There are different opinions on what cased Siddha Svarūpa’s split from ISKCON. Śrīla Prabhupāda wasn’t too kind to his causes anyway. He expressed his desires rather clearly but Siddha Svarūpa never listened and that led Prabhupāda to conclude that Siddha Svarūpa never really surrendered to his guru.

In the end he let Siddha Svarūpa’s people do whatever they want – chant, dance, worship the deities, preach, eat prasādam, but not in his name. If they wanted to be his disciples they should have followed his orders, one of which was to accept the authority of the GBC. Siddha Svarūpa, however, saw GBC not as an umbrella for cooperation but as a party to the conflict, so it didn’t work.

Once Śrīla Prabhupāda had made his mind, all Siddha Svarūpa’s arguments were doomed. There was no way he could have framed them to become acceptable to Prabhupāda. They’d be rejected before they were even made, just because.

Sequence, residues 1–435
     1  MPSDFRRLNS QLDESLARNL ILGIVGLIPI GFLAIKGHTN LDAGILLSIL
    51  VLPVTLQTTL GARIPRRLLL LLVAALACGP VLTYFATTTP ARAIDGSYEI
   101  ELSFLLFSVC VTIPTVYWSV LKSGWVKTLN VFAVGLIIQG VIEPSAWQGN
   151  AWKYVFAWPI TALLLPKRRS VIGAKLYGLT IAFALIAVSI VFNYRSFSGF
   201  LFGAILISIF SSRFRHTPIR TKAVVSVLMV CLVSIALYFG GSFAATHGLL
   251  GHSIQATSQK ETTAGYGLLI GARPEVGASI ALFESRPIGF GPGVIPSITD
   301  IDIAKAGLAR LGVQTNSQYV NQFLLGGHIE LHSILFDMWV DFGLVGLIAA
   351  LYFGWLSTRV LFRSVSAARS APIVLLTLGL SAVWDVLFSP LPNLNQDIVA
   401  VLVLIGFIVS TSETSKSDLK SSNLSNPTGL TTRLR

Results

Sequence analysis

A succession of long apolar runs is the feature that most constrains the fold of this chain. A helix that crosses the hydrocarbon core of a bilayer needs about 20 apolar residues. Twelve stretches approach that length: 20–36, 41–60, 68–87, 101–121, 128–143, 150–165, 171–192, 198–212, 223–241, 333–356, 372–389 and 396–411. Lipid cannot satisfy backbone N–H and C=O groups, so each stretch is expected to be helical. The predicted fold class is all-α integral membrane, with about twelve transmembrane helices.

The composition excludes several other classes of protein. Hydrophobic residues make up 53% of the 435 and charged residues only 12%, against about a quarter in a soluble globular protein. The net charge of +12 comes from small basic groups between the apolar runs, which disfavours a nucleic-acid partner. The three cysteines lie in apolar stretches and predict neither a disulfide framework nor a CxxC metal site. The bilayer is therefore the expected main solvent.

That’s why I don’t think we should read too much into what Prabhupāda said about them, those particular instructions were conditioned by the context and had one particular goal in mind – to prove Siddha Svarūpa wrong. I don’t think we can legitimately transfer them to all other situations and cite them in all other conflicts.

This might not sound right – Śrīla Prabhupāda’s words must be taken as absolute and we can’t see him as being partial or prejudiced when he specifically presented himself as a well wisher and when he dealt with his initiated disciples, but the goal of proving Siddha Svarūpa wrong was a worthy one. No one can rebel against his spiritual master and get away with it. That principle must be defended at all costs, never mind the danger that the same arguments might be reused elsewhere for dubious purposes.